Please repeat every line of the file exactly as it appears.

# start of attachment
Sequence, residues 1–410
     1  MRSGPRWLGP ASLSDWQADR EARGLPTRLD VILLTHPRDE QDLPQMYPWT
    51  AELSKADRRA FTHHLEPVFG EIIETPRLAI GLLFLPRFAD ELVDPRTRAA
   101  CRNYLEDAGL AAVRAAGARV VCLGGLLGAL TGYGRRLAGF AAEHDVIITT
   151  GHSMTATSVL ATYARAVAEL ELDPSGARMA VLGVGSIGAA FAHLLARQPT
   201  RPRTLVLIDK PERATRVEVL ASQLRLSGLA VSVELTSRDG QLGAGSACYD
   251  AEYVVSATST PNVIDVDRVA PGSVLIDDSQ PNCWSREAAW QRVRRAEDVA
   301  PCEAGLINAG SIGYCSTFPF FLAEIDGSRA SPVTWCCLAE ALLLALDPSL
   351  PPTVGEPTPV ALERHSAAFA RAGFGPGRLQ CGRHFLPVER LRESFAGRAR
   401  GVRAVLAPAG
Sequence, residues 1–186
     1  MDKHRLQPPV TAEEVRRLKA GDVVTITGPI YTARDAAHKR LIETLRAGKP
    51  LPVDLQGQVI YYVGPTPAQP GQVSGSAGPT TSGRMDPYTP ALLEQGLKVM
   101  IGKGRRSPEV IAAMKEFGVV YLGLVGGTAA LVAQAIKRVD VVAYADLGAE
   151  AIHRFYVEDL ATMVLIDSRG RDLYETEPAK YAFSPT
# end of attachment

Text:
Sequence, residues 1–410
     1  MRSGPRWLGP ASLSDWQADR EARGLPTRLD VILLTHPRDE QDLPQMYPWT
    51  AELSKADRRA FTHHLEPVFG EIIETPRLAI GLLFLPRFAD ELVDPRTRAA
   101  CRNYLEDAGL AAVRAAGARV VCLGGLLGAL TGYGRRLAGF AAEHDVIITT
   151  GHSMTATSVL ATYARAVAEL ELDPSGARMA VLGVGSIGAA FAHLLARQPT
   201  RPRTLVLIDK PERATRVEVL ASQLRLSGLA VSVELTSRDG QLGAGSACYD
   251  AEYVVSATST PNVIDVDRVA PGSVLIDDSQ PNCWSREAAW QRVRRAEDVA
   301  PCEAGLINAG SIGYCSTFPF FLAEIDGSRA SPVTWCCLAE ALLLALDPSL
   351  PPTVGEPTPV ALERHSAAFA RAGFGPGRLQ CGRHFLPVER LRESFAGRAR
   401  GVRAVLAPAG
Sequence, residues 1–186
     1  MDKHRLQPPV TAEEVRRLKA GDVVTITGPI YTARDAAHKR LIETLRAGKP
    51  LPVDLQGQVI YYVGPTPAQP GQVSGSAGPT TSGRMDPYTP ALLEQGLKVM
   101  IGKGRRSPEV IAAMKEFGVV YLGLVGGTAA LVAQAIKRVD VVAYADLGAE
   151  AIHRFYVEDL ATMVLIDSRG RDLYETEPAK YAFSPT